Things to Consider When SQL Server Asks for an Index

One of the things I love about SQL Server is that during query plan compilation, it takes a moment to consider whether an index would help the query you’re running. Regular blog readers will know that I make a lot of jokes about the quality of these recommendations – they’re often incredibly bad – but even bad suggestions can be useful if you examine ’em more closely.

In SQL ConstantCare®, we analyze SQL Server’s index recommendations and come up with our own suggestions. Here are some of the things we think about as we’re doing the analysis:

  • Did SQL Server ask for the same index yesterday?
  • Would the index have been used at least 100 times per day?
  • Does the table involved already have a clustered index? If not, we should probably think about adding one of those first.
  • Does the table have 5 or less indexes? If it has more, it might be time to think about deduping those with my D.E.A.T.H. Method first.
  • Does the table have <100M rows and under 10GB in size? If so, the indexes are easier to pop into place. At higher sizes, you want to approach the tables with a little more care and planning since even adding an index can require a maintenance window depending on the speed of your hardware.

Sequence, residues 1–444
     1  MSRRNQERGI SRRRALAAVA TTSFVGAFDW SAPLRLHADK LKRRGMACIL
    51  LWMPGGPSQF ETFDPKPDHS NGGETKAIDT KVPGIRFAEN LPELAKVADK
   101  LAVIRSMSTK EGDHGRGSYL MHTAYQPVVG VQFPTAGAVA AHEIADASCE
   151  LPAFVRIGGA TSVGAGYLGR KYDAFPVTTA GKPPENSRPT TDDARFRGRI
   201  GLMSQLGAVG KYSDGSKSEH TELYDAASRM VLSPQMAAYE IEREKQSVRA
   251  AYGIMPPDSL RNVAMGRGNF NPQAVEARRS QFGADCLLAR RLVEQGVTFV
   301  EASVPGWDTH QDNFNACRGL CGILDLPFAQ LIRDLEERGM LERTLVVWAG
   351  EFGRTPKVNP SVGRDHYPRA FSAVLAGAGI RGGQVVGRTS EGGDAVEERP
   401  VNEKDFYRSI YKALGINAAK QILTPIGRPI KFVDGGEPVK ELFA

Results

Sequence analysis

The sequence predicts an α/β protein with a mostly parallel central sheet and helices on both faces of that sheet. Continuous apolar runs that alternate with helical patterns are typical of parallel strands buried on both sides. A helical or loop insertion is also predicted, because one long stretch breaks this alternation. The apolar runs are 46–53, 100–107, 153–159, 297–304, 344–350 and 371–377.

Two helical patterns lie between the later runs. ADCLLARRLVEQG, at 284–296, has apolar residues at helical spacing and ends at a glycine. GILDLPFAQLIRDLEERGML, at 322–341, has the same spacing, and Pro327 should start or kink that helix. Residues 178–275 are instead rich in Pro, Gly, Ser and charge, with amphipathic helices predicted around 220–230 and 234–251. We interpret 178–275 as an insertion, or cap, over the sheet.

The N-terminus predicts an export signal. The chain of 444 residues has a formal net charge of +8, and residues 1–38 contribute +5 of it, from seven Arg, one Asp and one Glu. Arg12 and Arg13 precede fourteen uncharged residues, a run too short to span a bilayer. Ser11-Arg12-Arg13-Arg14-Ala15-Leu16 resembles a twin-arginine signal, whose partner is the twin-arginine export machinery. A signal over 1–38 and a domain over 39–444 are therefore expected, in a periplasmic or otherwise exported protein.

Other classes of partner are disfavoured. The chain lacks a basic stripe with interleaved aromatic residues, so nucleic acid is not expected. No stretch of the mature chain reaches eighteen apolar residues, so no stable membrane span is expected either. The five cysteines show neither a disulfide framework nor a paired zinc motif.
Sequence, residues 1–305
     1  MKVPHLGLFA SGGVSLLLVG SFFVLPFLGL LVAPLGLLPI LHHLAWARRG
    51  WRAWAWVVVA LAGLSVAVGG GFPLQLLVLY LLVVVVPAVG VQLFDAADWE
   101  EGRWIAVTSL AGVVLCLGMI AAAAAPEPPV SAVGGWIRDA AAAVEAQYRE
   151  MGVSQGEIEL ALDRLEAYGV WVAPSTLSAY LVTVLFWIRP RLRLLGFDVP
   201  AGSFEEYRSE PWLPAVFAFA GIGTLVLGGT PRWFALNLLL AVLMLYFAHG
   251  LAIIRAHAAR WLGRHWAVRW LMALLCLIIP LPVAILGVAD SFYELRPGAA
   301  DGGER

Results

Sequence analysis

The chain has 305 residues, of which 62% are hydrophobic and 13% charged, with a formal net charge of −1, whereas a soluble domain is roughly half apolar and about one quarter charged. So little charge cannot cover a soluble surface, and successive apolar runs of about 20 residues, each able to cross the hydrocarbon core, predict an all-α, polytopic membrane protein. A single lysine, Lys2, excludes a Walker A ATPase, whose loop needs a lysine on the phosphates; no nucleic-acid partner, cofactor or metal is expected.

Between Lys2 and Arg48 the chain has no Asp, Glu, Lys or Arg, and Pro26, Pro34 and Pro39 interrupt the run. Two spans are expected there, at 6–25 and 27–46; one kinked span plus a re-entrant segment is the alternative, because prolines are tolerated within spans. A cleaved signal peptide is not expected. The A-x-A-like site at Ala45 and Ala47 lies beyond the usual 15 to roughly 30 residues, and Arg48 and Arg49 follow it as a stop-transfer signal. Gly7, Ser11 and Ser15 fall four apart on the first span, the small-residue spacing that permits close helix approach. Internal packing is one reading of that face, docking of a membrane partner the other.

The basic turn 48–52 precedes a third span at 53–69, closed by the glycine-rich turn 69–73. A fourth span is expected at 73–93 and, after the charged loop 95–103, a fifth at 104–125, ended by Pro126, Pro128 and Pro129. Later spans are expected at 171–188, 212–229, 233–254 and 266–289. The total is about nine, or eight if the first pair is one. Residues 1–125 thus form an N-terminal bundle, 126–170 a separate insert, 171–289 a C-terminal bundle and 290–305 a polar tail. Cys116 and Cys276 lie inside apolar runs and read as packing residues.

SQL ConstantCareOnce we’re past those initial hurdles, we think about the index recommendation itself:

  • Does it have only one key and one included column? If so, it probably makes sense to promote the include into the key, as long as the first key makes sense too.
  • What are the datatypes on the columns? If they’re big (say, over 200 characters), consider removing ’em, especially if they’re included columns.
  • How many columns are in the index? If it’s more than 5 elements, consider removing the included columns.
  • Is the recommendation a narrower subset of an existing index? If so, it’s probably not a good fit.
  • Is the recommendation a wider version of an existing index? If so, you may want to remove the narrower (old) version after you replace it with the wider new version.
  • After your tweaks based on the guidelines above, does the index exactly match an existing index on the table? If so, set it aside – it’s time to review the high-read queries instead rather than looking at the missing index recommendations.

Whew. It’s a lot of stuff to think about – but with SQL ConstantCare®, you don’t have to. We’re gathering the metadata daily, watching what SQL Server does, gradually rolling out index recommendations to help, and then circling back to the index usage DMVs to make sure that the index actually helped.

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